I'm stuck on a question and I was wondering if somebody could help. This is supposed to be one Thevanin equivalent circuit, tested in two different ways. The measured current is shown in the diagram. I am having trouble figuring out how the current in the first test can be 0? |
by bmathre
November 14, 2016 |

Hi @bmarthe, This is a great question! Whenever doing thevanin equivalent problems I always like to draw the circuit out to see what I'm dealing with. Looking at this you can start to get an idea of how to answer your first question. The logic kind of goes like this: - If 0 amps are going through R1, that means that 0 ams also going through R2.
- If no current is flowing through R1 + R2, then no voltage is dropped across those resistors.
- If no voltage is dropped across R1 + R2, then the positive terminal of $V_{th}$ has to be 10V.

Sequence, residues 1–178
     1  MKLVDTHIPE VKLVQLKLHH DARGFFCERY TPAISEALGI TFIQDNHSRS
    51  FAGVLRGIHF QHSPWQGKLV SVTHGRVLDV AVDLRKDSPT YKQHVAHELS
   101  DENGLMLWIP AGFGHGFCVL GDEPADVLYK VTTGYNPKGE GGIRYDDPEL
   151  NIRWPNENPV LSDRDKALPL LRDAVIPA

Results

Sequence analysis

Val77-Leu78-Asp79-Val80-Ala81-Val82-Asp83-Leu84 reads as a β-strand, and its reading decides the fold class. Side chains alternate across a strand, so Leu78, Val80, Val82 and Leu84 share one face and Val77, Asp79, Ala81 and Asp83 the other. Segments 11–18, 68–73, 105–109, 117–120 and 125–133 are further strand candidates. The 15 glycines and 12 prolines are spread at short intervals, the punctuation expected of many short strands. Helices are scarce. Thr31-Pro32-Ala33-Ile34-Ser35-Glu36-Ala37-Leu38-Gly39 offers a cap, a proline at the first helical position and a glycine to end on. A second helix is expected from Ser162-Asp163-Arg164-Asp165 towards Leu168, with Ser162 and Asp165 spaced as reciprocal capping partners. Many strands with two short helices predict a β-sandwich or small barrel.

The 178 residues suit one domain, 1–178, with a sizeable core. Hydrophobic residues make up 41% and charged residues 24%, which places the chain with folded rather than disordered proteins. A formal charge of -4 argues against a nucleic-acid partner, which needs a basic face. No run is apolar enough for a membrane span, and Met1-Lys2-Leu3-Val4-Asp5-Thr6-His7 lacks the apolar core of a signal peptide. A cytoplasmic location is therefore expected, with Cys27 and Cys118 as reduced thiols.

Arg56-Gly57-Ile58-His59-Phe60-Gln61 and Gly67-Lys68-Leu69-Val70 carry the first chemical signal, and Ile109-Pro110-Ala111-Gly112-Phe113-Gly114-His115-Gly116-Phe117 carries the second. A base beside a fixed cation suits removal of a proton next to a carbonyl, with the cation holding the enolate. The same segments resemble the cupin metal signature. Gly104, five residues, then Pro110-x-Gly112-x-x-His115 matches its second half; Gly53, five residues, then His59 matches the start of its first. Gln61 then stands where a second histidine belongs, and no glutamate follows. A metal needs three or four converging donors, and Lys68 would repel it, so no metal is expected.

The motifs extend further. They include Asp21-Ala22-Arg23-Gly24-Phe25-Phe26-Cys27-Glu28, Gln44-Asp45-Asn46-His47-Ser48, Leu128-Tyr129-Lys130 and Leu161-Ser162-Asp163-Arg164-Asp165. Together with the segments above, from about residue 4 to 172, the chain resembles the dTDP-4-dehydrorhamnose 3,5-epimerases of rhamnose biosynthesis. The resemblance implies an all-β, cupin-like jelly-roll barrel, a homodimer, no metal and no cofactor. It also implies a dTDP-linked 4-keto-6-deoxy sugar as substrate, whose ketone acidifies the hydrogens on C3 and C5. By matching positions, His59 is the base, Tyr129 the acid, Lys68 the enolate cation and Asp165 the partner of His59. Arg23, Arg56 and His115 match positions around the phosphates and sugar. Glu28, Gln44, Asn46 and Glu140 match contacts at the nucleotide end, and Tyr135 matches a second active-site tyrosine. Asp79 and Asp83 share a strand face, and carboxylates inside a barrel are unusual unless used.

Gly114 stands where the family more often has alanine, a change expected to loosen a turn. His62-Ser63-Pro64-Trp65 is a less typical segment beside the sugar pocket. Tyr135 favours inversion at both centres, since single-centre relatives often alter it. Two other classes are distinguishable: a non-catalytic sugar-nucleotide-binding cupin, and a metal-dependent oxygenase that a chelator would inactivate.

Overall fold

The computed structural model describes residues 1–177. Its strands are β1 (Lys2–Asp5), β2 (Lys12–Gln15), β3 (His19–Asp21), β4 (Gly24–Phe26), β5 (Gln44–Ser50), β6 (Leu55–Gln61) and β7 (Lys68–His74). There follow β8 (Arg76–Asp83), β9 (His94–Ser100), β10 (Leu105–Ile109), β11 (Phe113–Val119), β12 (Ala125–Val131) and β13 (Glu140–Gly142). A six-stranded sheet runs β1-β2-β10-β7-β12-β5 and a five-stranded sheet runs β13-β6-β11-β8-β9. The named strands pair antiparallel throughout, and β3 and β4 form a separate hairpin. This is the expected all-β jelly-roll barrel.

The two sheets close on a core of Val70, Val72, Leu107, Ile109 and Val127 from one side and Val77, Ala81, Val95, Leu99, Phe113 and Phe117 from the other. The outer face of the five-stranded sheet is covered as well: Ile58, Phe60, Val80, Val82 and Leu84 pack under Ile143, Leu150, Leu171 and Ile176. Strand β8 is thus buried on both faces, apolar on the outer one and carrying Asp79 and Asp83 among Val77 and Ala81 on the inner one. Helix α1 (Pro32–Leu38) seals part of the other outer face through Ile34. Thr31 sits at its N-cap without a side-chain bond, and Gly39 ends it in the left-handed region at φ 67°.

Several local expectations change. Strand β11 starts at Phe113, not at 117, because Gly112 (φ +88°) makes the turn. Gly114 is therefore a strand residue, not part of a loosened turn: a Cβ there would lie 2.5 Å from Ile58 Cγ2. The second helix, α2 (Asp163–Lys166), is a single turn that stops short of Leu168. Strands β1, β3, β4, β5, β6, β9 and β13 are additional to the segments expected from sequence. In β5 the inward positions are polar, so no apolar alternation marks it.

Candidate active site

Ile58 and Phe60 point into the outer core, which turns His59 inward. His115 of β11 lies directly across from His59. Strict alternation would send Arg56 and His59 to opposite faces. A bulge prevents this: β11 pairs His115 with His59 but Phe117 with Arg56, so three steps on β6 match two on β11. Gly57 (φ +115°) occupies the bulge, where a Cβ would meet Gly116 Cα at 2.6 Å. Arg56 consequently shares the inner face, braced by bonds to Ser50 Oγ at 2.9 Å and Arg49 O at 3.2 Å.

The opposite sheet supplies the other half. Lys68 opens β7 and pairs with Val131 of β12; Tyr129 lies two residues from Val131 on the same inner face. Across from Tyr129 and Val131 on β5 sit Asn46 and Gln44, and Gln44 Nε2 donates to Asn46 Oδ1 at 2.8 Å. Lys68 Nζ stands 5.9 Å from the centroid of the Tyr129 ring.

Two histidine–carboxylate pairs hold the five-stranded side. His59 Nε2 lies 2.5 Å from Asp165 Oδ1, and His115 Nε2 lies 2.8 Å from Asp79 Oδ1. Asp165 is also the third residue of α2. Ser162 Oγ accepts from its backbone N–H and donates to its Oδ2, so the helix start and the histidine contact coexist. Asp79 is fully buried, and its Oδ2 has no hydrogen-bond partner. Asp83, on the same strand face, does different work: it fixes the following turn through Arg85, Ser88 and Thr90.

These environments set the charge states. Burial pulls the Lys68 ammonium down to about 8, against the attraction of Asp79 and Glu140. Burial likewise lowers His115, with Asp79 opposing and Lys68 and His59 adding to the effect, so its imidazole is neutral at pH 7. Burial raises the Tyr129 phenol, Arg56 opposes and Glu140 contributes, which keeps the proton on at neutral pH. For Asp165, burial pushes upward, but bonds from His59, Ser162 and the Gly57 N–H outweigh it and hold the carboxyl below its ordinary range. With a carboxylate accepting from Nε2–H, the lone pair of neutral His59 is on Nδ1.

So if we fill in these values, and check out your second test case, we have this Looking at the picture, we can make the following observations - 5 mA must be going through $R_{th}$
- 10V must be dropped across $R_{th}$
So from there its just a matter of plugging into $$V = IR$$ $$10V = 5mA \times R_{th}$$ $$R_{th} = \frac{10V}{5mA}$$ $$R_{th} = 2 \Omega$$ |
ACCEPTED
+1 vote by hevans November 15, 2016 |

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